A day after the former master of the Tokitsukaze sumo stable and three of his disciples were arrested, the father of the 17-year-old novice they allegedly beat to death said Friday that he was relieved the four were finally in custody.
“It did take a long time and I was very worried, but now I’m grateful that the arrests were finally made,” said Masato Saito, 51. “I think my son was a bit relieved also,” he said, referring to Takashi Saito, who went by the ring name Tokitaizan.
At a press conference in Tokyo, Saito’s lawyer, Retsu Tomita, said he also intended to file for damages against the former stable master, Junichi Yamamoto, 57, and three senior wrestlers who allegedly assaulted the teen on Yamamoto’s instructions.
The Japan Sumo Association may also face legal action for failing to supervise the stable, he said.
The death shocked sumo’s fans and wrestlers at a time when the sport is already suffering from a dearth of newcomers interested in maintaining the iconic centuries-old national sport.
When Takashi Saito’s body was returned to the family in June, they were shocked by the severe bruising all over his corpse. Aichi Prefectural Police initially treated his death as a case of heart failure, but autopsies later revealed that Saito had died of multiple traumatic shock.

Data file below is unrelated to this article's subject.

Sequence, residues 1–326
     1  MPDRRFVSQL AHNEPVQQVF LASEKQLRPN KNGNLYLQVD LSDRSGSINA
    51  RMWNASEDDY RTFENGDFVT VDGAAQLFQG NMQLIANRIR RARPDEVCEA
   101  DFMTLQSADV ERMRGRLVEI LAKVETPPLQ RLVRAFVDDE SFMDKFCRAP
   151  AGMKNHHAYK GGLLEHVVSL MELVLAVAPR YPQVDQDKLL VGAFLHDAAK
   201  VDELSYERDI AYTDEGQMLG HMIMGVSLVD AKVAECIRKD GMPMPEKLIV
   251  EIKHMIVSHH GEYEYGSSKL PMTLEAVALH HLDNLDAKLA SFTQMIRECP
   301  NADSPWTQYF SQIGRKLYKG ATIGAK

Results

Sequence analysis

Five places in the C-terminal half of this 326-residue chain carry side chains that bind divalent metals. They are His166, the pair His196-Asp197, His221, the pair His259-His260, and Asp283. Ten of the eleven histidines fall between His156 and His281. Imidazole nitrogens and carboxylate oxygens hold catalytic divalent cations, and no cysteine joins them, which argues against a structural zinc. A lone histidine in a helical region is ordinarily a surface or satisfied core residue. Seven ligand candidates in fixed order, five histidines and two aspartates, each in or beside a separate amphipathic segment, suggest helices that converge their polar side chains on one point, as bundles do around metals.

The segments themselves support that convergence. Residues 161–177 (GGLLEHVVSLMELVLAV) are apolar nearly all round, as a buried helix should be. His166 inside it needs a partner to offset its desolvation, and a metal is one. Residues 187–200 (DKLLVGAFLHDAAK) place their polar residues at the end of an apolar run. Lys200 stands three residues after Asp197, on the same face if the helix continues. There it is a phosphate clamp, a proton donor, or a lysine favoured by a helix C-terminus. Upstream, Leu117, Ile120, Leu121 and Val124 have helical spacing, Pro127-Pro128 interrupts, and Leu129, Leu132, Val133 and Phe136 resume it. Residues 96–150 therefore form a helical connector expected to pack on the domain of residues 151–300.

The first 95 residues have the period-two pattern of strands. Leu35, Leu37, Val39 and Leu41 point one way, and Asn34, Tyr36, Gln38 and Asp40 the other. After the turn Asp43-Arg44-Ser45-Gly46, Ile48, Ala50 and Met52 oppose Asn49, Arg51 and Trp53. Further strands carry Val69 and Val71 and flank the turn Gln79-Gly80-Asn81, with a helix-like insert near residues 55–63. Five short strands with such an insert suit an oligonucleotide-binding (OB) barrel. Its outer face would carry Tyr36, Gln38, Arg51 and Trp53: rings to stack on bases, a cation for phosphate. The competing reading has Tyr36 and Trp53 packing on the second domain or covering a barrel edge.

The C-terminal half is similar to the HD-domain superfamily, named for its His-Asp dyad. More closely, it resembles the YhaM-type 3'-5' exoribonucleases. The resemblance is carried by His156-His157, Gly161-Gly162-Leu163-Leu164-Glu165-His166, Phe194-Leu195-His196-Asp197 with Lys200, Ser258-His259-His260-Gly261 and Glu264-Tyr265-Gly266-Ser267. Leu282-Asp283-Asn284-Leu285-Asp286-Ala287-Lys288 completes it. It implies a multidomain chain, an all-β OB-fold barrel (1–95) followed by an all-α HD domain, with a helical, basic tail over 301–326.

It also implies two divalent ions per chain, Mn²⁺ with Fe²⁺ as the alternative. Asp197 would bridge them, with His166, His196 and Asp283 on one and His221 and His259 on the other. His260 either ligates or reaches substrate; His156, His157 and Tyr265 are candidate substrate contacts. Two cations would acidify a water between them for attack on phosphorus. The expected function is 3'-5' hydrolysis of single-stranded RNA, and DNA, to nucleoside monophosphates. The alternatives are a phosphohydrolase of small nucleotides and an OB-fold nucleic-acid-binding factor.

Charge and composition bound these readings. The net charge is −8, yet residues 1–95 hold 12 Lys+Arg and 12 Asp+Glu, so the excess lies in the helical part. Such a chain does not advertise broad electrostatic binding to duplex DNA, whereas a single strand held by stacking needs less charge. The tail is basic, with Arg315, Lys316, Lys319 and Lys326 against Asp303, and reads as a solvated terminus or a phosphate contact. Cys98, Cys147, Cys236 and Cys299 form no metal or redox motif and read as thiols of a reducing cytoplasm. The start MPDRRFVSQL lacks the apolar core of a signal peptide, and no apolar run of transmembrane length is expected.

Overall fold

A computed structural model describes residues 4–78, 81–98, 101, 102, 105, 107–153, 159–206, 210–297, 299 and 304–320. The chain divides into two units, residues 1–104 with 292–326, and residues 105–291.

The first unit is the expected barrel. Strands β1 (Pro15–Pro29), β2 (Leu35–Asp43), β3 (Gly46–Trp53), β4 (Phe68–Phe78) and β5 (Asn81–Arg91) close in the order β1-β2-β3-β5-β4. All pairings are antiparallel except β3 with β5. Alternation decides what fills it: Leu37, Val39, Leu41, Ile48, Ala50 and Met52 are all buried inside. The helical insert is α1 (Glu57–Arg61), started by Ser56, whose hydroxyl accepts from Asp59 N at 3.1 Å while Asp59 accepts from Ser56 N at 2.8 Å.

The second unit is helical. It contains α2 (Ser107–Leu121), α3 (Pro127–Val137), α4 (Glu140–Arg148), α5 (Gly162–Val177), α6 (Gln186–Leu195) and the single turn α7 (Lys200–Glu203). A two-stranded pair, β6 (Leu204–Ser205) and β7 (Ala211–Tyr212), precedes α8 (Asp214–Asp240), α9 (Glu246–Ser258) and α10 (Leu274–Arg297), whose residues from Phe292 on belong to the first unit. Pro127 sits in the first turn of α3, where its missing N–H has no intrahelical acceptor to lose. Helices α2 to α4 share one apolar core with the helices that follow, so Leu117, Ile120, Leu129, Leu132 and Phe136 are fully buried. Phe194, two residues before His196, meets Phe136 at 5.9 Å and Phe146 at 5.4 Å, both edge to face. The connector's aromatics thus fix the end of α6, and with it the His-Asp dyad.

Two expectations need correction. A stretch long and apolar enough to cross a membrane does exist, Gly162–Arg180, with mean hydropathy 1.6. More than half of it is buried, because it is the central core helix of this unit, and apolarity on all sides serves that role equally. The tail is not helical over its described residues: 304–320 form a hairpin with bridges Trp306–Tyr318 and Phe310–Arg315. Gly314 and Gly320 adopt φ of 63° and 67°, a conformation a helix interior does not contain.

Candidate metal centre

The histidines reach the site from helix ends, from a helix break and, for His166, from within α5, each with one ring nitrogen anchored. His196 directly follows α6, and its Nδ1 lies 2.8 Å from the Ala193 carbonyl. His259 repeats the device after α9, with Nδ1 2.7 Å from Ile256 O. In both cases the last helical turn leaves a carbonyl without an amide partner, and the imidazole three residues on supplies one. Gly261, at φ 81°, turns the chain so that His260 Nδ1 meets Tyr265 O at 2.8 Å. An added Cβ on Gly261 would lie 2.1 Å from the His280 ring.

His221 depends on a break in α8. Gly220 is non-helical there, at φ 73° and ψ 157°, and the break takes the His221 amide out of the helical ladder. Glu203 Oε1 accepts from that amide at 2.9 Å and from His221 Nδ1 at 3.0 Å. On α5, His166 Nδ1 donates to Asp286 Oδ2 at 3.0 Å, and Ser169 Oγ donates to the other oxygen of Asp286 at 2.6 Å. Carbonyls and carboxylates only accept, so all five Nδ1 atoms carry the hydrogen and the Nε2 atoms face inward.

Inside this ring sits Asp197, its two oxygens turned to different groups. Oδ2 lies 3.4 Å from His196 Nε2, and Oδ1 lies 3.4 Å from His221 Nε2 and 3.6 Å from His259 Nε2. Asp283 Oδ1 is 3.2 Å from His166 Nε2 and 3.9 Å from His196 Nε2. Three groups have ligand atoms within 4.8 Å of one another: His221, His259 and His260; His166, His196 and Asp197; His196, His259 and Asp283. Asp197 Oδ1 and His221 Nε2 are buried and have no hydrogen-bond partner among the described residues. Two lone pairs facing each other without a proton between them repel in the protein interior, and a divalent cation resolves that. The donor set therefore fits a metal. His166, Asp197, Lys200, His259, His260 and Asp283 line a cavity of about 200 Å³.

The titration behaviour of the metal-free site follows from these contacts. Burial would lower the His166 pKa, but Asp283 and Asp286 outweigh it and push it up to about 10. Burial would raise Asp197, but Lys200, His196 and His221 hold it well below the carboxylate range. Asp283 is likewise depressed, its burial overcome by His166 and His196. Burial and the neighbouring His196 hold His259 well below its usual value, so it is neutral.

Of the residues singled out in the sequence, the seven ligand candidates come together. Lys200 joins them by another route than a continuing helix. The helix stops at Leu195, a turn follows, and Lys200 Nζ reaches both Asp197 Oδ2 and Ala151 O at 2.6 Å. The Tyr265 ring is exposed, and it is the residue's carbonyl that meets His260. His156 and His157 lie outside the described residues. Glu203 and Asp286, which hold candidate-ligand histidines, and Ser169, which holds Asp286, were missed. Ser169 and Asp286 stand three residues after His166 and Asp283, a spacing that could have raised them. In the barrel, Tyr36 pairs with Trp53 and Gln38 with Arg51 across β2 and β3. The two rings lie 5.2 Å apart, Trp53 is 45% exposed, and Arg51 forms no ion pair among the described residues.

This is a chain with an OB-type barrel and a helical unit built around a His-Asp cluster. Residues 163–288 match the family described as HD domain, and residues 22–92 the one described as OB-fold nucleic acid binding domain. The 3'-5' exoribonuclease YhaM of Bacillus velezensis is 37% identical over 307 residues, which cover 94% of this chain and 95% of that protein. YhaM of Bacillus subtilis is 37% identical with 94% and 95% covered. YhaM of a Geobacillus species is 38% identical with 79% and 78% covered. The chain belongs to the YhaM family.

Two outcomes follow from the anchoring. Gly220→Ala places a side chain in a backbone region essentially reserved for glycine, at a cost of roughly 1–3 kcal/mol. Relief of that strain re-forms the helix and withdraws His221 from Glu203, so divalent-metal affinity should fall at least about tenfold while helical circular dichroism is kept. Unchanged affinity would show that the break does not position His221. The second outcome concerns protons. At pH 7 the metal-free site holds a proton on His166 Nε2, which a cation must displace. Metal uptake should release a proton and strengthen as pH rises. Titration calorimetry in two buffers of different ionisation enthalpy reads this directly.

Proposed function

Yamamoto reportedly insisted the injuries resulted from regular training.
Police Thursday said Yamamoto has admitted to beating the teen but denied he instructed the senior wrestlers to punish him.
“I really want the (former) master to tell the whole truth, about how it happened,” Saito said firmly. “When the criminal trial starts, I may have to hear terrible stories (about what happened), but I’m willing to accept that because I really want the truth to come out.”
Saito said he wished that the three senior wrestlers had second-guessed their master’s alleged orders.
“I do understand that the master’s orders are absolute, so maybe they couldn’t help it, but if they had reconsidered, this would not have happened,” he said.
The Japan Sumo Association has set up a panel to find a way to prevent violent bullying cases from recurring.
“(The association) did not have any organization to look into these things, so I guess it’s an improvement,” Saito said. “I sincerely hope Takashi’s death will change the industry, even if only in a small way.”